What Is the Future of Parochial Schools?
CATHOLIC SCHOOLS WEEK: Faithful education rides on innovating funding, governance models, parents and educators say.
NEWARK, Ohio — Greggory and Mary Gassman love their parish Catholic school and watching the impact St. Francis de Sales School has had on their son Patrick. He has been enthusiastic in trying to get his family to pray the Rosary and loves his “prayer partners” at the Ohio parish school’s Mass.
“Just yesterday, he insisted everyone, even his younger brother and sister, gather together to pray the Rosary,” Greggory told the Register. The Gassmans said the parish school is a “small enough environment to get individualized attention” and nurtures students and families’ faith lives.
“We also got an email from his teacher, where they did the [Epiphany] chalk blessing, and they sent blessed chalk for us to do it at our house,” Mary said.
However, the Gassmans said that they live on a combined income of less than $40,000 a year. Catholic elementary education is only in their reach thanks to EdChoice, Ohio’s voucher-system. And they are not alone.
“There’s a fair proportion of the school that is on EdChoice,” Mary said. Without that possibility, Greggory added, “It would have been public school almost definitely.”
Catholic parish schools are faced with severe challenges to fulfill their mission to make high-quality, authentic Catholic education accessible to families on middle and low incomes.
A sobering analysis of Catholic schools shows that the ability of the middle class to have access to a faithful, top-tier Catholic education is collapsing.
The analysis by Richard Murnane, Thompson Research Professor at the Harvard Graduate School of Education, and Sean Reardon, Professor of Poverty and Inequality in Education at Stanford University, found that by every measurement, the overall percentage of middle-income families enrolled in Catholic education was worse in 2013 than 1968. While the percentage of black families in Catholic schools had increased across all income-levels, the percentage of low-income and middle-income Hispanic families (the plurality of the Catholic population) in Catholic schools had simply cratered.
However, a number of Catholic parish schools and their dioceses are meeting these challenges and are thriving with innovative solutions that fulfill the Church’s mission to provide Catholic education to the children of these families, regardless of income.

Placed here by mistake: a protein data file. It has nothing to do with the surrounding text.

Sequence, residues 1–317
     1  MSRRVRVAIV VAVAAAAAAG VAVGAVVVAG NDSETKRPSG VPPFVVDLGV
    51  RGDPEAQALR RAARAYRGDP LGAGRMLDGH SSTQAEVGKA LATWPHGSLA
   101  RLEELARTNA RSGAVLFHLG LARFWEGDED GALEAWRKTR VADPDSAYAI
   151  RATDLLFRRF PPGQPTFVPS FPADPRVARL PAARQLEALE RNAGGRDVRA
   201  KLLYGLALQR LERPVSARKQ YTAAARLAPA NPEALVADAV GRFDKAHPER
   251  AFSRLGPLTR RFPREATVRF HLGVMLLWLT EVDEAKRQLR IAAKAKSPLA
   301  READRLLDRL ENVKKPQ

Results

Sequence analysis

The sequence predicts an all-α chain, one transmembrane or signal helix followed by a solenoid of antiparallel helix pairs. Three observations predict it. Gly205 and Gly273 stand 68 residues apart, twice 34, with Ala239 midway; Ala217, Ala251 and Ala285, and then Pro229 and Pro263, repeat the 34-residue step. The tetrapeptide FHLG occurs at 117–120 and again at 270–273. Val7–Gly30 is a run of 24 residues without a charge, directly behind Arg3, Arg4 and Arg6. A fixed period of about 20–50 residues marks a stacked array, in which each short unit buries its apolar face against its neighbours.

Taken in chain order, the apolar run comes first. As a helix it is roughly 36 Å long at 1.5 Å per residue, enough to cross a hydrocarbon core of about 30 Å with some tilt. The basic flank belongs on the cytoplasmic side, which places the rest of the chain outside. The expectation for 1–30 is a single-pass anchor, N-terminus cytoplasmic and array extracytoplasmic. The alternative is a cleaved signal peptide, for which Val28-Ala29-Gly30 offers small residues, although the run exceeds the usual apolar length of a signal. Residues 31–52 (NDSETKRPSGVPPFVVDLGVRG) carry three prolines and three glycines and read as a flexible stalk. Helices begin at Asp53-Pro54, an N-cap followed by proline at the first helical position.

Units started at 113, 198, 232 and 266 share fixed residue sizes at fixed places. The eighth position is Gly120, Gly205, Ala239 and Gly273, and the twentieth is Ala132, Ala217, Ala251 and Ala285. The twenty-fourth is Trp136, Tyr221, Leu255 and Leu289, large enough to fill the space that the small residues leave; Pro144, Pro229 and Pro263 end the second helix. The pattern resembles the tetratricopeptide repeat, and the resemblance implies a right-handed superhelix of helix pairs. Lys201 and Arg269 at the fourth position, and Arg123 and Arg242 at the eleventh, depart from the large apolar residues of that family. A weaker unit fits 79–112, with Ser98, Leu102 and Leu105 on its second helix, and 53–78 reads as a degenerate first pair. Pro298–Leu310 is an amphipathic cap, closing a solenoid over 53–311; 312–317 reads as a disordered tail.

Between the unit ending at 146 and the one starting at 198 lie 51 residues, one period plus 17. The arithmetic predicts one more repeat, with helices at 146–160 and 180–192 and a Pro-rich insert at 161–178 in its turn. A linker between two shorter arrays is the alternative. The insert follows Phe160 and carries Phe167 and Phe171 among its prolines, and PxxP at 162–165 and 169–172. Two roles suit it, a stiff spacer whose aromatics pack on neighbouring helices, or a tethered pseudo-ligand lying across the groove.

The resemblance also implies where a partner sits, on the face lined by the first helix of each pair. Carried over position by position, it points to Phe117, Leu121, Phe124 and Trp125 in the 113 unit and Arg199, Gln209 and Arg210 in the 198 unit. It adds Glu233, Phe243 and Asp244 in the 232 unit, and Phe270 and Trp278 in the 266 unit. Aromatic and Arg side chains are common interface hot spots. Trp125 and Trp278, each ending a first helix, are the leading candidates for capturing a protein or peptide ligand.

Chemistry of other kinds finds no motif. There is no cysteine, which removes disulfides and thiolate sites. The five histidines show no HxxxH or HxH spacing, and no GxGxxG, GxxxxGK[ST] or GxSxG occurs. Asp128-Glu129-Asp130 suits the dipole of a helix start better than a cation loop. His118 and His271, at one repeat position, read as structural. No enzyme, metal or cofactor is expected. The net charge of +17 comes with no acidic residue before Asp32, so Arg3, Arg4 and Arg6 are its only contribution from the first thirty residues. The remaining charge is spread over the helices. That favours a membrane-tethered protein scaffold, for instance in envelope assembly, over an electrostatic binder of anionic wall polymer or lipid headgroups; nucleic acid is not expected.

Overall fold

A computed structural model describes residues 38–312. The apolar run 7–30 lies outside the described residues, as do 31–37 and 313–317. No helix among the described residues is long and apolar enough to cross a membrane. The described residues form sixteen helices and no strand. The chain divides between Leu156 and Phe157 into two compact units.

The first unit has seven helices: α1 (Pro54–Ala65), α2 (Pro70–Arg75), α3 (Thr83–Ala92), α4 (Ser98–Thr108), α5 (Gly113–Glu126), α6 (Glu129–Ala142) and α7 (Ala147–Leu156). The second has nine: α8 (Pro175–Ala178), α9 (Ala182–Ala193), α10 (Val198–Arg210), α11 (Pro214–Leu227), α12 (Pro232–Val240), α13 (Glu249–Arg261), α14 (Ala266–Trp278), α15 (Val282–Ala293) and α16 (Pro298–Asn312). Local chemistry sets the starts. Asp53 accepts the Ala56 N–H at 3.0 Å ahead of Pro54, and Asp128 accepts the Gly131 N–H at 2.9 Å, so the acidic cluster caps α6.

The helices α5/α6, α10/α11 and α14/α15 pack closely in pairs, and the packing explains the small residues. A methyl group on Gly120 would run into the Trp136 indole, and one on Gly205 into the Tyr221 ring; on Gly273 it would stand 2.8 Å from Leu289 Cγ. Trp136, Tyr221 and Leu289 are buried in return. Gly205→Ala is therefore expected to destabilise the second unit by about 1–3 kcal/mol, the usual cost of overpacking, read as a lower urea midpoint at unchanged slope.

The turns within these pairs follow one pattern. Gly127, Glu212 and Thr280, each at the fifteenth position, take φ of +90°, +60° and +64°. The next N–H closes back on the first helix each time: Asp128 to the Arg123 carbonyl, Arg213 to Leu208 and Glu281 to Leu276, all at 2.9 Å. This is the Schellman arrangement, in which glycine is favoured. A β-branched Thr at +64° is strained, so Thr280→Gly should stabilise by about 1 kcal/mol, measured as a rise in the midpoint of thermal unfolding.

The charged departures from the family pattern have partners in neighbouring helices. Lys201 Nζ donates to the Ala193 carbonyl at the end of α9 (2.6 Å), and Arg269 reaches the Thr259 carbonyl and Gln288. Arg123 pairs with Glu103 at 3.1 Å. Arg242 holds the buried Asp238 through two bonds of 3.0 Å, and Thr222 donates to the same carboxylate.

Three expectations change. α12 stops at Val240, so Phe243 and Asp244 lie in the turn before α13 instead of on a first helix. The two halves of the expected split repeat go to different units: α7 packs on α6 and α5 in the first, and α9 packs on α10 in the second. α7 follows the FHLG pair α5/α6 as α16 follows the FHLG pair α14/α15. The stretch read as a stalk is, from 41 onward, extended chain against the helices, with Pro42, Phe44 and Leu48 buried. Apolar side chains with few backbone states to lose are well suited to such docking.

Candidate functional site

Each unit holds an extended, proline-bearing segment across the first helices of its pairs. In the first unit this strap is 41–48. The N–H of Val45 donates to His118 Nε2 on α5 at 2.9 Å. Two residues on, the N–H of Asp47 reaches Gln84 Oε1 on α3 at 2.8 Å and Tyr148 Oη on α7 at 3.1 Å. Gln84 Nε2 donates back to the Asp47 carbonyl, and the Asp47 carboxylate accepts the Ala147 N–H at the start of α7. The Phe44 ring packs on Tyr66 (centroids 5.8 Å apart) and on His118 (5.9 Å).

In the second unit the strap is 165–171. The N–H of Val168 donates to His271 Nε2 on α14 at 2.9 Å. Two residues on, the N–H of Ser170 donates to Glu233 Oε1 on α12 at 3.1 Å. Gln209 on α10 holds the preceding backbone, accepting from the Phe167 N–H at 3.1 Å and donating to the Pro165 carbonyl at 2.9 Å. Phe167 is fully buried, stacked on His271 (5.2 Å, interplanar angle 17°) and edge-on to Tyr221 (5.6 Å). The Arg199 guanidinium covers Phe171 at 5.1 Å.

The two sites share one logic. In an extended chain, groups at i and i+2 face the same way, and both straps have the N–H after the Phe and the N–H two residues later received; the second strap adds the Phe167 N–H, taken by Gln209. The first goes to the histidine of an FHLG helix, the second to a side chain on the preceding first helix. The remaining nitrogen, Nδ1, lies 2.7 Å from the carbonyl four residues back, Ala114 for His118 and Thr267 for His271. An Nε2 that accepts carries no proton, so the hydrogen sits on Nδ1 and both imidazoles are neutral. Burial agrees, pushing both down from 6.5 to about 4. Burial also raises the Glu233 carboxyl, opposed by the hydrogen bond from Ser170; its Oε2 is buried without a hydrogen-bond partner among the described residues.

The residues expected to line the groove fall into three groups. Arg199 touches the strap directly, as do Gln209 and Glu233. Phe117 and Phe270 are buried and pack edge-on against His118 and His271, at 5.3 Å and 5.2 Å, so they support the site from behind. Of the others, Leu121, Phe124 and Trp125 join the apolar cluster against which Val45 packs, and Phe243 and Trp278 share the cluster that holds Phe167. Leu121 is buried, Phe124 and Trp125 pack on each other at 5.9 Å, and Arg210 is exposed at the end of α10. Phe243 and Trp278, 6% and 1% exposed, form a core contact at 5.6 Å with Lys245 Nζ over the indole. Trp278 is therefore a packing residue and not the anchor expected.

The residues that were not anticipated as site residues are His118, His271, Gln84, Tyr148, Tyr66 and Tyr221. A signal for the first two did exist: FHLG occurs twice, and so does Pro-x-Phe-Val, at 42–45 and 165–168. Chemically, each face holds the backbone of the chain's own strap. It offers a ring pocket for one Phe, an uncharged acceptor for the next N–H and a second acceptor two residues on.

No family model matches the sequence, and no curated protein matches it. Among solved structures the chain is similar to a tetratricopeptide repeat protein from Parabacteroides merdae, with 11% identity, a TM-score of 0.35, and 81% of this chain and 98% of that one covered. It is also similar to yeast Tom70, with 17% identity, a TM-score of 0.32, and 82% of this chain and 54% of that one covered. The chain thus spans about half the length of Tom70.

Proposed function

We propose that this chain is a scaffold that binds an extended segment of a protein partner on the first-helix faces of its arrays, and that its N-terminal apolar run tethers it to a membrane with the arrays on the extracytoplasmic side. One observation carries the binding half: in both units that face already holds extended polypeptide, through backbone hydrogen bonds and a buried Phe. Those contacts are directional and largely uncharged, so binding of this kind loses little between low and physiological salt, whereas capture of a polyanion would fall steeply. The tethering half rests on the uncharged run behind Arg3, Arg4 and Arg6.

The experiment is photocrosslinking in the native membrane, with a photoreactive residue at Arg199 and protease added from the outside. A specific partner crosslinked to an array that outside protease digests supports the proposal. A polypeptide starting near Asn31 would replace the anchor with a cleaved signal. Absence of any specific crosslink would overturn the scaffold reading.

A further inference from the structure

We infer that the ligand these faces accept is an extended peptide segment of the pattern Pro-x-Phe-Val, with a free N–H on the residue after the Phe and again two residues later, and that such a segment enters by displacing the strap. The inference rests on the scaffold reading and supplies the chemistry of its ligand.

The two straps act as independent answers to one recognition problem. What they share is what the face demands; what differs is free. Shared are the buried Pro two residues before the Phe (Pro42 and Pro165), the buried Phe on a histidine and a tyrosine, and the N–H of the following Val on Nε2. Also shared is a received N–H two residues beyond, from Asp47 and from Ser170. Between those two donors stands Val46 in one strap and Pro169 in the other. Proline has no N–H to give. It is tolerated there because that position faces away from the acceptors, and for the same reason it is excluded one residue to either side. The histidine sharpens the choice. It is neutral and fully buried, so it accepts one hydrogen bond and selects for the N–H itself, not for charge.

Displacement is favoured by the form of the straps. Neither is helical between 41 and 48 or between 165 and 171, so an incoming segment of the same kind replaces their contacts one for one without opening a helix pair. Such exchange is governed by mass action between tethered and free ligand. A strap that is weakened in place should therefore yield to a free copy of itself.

The future of Catholic schools depends on both developing funding sources and internal governance models that will allow them to achieve their mission of providing a faithful Catholic education to all in the 21st century, according to Brittany Vessely, executive director of Catholic Education Partners. CEP is a Denver-based organization dedicated to empowering parents and Catholic education, particularly by advancing “school-choice” public policy.
She told the Register that Catholic parishes have benefited from school-choice government funding in 29 states and Washington, D.C. Most of those recipients, she said, are from families with low incomes or children with special needs, and 40% of them attend Catholic schools.
Vessely said that government school-choice vouchers and private philanthropy (such as ACE Scholarships) are making it possible for families with low incomes to send their children to Catholic school. “It’s actually middle-income families that have been missing out.” Vessely said families with middle incomes that do not qualify for these subsidies are falling into a gap, between diocesan schools that are geared toward families with low incomes and independent Catholic schools that are geared toward families with wealthy incomes.
“Private philanthropy is going to have to step up in that regard,” she said. Her organization is working with ACE Scholarships, which principally exists to help students from low-income households attend private school, to tailor some of that need-based aid specifically toward families with middle incomes in the Denver area.
But some Catholic schools are bridging the funding gap with creativity and by following a biblical prescription: tithing.
St. Gabriel of the Sorrowful Virgin is a Catholic parish school in Pennsylvania. But it has provided free tuition to its 370 students by creating a culture of tithing in its sponsoring parish.
A Pittsburgh Tribune-Review profile of the school noted St. Gabriel of the Sorrowful Virgin had no endowment and that the parish school’s budget was $1.3 million a year. But the parish has 2,300 registered Catholic families, and so the $3,300 to educate each student can be funded directly from the collection basket, through an average annual contribution of $565 per parish family. Fees for a new elementary student start at $1,512.
The Diocese of Wichita, Kansas, has also developed a tithing-based model to fully fund tuition of Catholic schools based on tithing and private philanthropy and in line with the Church’s social teaching. The vision of the diocesan St. Katharine Drexel Catholic School Fund is to give every child an equal opportunity to attend Catholic school, with “the resources needed to meet their spiritual and academic needs” and be taught “by highly qualified teachers who receive a just salary regardless of the parish location or financial status.”
The Drexel Fund supports 25 diocesan parish schools. It requires parishes with schools to spend at least 50% of Sunday income on Catholic school education and parishes without schools to spend 25%. The fund has provisions detailing thresholds for parish schools to meet to make sure families with low-incomes are attending, to keep costs low, to reduce debt, and strengthen their stewardship and strategic plan to make their Catholic schools competitive.